A second dilemma is how far the ECB should allow interest rates to increase on the government bonds of countries such as Spain. Holding down borrowing costs will help make its fiscal adjustment easier, which should attract private capital. Yet unless yields widen there is little incentive for investors to hold its debt.
Germany’s bans on naked short-selling seem only to have heightened skittishness about owning European assets, as investors fret that hedging will get harder and rules tougher. The problem facing the euro zone is not speculative shorting of its countries’ bonds, but rather the reluctance of investors to buy them in the first place. Berating the markets that fund it is a very odd tack for any government to take.

I commenti negativi sulla mossa tedesca di vietare lo short selling sono numerosi: eccone qui uno, due e tre.

Infine ieri il Senato USA ha approvato un disegno di legge di riforma finanziaria piuttosto ampio: è un tema sul quale torneremo certamente in futuro, nel frattempo vi consiglio di leggere i contenuti sul Wall Street Journal

giovedì 20 maggio 2010

Ancora sul flash crash

Aggiornamenti sull'analisi e le conseguenze del flash crash del 6 maggio:
  • Dal New York Times: la S.E.C. ha deciso di estendere i  circuit breakers a tutti i mercati, sperando che questo renda più improbabile il quasi-collasso del 6 maggio scorso. The circuit breakers will pause trading in those stocks for five minutes if the price moves by 10 percent or more in a five-minute period. The trial run will begin after a 10-day comment period and will last through Dec. 10, the commission said. The circuit breakers will apply both to rising and falling stock prices. But in a separate report, the S.E.C. and the Commodity Futures Trading Commission said that they had not been able to pinpoint the cause of the sharp market decline that shook investors and markets two weeks ago.(...)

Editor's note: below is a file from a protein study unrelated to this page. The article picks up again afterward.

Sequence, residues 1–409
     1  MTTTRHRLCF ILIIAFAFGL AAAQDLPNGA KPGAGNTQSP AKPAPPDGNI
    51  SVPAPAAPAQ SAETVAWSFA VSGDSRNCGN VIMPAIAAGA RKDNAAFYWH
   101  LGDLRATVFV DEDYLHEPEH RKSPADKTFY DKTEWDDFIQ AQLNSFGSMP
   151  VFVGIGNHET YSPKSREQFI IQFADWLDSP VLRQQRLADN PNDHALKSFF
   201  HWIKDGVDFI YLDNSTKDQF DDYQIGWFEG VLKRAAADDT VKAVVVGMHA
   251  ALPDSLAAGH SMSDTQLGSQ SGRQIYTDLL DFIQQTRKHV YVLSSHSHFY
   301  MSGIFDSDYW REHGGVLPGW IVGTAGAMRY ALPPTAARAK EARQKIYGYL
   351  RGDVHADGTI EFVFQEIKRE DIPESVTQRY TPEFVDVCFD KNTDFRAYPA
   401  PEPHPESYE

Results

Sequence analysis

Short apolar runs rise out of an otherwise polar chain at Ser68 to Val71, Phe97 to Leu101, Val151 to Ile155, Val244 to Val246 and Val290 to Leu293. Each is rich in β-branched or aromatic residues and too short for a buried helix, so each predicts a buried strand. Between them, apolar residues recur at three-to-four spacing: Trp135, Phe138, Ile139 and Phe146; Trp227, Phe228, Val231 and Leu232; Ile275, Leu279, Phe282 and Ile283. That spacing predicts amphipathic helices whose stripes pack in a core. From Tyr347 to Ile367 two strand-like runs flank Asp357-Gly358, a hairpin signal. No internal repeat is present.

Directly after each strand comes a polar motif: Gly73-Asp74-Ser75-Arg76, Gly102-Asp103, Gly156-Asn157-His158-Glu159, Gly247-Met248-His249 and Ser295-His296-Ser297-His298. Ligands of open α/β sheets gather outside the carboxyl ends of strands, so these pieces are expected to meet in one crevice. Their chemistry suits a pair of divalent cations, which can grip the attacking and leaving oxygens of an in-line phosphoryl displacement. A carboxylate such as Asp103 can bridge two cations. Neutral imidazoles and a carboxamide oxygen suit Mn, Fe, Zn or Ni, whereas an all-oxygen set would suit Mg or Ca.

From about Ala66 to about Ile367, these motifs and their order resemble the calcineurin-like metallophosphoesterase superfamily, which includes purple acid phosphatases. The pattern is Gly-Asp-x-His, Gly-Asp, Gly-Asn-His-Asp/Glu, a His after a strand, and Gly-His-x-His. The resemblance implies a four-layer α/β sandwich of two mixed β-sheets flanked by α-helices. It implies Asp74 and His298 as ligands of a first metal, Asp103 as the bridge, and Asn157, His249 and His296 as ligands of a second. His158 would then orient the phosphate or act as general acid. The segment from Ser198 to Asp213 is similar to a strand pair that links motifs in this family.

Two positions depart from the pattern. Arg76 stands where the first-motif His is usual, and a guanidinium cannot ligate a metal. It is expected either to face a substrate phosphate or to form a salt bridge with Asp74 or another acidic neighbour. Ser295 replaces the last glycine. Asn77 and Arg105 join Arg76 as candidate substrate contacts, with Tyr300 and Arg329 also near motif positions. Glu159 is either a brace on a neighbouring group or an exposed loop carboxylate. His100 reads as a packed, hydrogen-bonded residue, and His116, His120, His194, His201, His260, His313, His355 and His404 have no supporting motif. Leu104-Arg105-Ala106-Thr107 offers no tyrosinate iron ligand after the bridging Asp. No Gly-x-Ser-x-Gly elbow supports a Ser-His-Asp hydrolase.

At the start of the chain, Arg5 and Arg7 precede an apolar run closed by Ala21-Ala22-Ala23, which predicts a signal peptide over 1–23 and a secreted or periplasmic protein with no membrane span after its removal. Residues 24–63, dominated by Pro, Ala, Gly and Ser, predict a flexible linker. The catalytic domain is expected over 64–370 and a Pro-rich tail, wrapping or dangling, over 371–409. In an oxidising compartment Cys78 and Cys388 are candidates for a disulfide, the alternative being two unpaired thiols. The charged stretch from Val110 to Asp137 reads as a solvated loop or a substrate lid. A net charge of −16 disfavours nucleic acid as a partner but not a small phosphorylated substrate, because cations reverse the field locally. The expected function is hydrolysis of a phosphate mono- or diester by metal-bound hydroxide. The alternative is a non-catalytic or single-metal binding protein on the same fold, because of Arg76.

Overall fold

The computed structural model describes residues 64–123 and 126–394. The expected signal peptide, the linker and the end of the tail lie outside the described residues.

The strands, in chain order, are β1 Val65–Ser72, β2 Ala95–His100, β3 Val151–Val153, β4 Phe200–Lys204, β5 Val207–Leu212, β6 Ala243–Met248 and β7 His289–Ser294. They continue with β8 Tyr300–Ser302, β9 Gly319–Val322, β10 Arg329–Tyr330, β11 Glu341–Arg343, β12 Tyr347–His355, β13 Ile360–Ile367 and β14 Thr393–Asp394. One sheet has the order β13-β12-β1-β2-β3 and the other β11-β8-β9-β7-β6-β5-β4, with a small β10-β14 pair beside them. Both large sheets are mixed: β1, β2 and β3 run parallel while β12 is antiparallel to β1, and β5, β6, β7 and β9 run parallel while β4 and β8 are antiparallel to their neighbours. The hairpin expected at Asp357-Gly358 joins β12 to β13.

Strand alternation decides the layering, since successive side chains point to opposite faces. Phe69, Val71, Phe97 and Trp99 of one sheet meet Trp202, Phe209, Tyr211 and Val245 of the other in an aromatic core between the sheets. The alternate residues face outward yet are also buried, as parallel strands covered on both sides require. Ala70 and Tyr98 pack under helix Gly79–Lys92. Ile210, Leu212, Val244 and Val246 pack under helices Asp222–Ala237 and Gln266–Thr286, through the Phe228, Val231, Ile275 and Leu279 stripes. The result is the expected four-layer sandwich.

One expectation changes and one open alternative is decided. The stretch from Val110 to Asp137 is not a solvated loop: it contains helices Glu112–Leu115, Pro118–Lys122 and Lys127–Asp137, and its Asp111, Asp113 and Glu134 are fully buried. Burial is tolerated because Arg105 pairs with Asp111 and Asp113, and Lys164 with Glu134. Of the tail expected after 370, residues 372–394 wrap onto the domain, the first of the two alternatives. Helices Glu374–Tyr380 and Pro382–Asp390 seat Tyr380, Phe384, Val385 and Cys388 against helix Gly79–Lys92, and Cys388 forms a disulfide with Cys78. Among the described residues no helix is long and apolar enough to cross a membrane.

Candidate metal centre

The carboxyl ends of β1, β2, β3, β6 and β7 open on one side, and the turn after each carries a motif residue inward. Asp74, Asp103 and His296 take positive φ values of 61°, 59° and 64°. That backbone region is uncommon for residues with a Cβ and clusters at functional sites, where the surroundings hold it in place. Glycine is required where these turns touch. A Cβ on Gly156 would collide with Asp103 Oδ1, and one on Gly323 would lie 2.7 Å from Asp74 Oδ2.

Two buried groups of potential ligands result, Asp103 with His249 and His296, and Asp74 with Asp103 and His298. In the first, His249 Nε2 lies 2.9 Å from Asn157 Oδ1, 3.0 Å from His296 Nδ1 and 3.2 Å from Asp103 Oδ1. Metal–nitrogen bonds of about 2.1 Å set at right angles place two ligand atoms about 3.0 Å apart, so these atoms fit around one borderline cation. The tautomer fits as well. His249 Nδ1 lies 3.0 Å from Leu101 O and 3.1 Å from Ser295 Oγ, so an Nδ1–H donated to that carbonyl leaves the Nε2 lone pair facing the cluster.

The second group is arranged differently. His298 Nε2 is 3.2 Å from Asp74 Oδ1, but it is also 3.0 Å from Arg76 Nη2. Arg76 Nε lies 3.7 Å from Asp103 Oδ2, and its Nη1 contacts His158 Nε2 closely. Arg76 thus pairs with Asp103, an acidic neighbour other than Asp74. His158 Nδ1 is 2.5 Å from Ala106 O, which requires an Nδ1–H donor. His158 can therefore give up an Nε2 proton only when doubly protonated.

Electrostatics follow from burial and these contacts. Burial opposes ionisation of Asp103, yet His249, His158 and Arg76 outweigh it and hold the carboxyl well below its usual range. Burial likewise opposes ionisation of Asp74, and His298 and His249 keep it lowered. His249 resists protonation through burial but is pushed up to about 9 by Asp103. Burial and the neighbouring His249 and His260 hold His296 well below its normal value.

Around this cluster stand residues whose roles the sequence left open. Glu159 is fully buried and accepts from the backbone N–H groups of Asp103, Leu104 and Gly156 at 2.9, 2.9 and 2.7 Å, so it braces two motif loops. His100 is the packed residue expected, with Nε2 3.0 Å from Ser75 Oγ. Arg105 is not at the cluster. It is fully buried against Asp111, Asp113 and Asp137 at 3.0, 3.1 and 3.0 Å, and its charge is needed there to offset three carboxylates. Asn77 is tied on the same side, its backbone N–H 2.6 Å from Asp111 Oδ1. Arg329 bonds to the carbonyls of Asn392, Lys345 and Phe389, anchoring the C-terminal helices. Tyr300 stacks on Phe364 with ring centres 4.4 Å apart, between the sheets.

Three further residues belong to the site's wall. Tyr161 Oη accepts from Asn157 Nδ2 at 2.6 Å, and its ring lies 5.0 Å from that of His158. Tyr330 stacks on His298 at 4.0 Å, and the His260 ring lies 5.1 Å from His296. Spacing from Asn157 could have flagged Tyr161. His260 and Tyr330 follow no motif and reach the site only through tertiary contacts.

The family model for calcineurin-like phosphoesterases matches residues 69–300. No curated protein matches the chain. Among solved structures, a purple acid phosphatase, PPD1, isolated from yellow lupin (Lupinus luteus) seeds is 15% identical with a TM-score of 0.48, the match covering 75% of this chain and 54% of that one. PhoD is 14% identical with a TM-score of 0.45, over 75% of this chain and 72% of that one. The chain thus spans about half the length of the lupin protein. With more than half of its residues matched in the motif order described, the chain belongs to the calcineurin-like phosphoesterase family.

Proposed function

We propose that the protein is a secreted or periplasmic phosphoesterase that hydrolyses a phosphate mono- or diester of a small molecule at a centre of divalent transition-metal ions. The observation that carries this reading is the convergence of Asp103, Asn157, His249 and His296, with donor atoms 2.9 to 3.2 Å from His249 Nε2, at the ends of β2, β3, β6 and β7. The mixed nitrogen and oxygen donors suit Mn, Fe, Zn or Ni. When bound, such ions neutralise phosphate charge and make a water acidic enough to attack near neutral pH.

Generally, the agencies said, the drop was caused by traders stepping back from the market and refusing to buy or sell, in both the stock and futures markets. The government found that there was also a heavy reliance by investors on automated orders to sell at the market price once stock prices had declined by a certain amount. Further, there were different rules on different exchanges about when trading is automatically slowed or stopped.
    The agencies said they had found no evidence that the market decline was caused by so-called fat finger trading errors, or by computer hacking or terrorist activity. They added, however, “we cannot completely rule out these possibilities.” (...) the proposed individual circuit breakers announced Tuesday apply only to stocks in the S.& P. 500.
    The S.E.C. also said it intended to further review the role of the so called self-help mechanism, under which one exchange can refuse to route orders to another if it perceives that orders are not being filled quickly enough. That type of rerouting, around the most liquid markets and to markets where fewer investors were trading, was believed by the agencies to have exacerbated the decline on May 6. For example, as trading slowed on the Big Board because of circuit breakers, orders were routed around the exchange to smaller markets where prices quickly plunged. 
  • Dal Wall Street Journal si mette in guardia sul rischio che i provvedimenti presi aumentino la volatilità anzichè diminuirla:
    Where would investors turn if stocks stopped trading?
    The answer may come soon, with U.S. regulators Tuesday announcing requirements for a five-minute trading halt on any stock that moves more than 10% within any five-minute period. Eventually, the rules also will apply to exchange-traded funds.(...)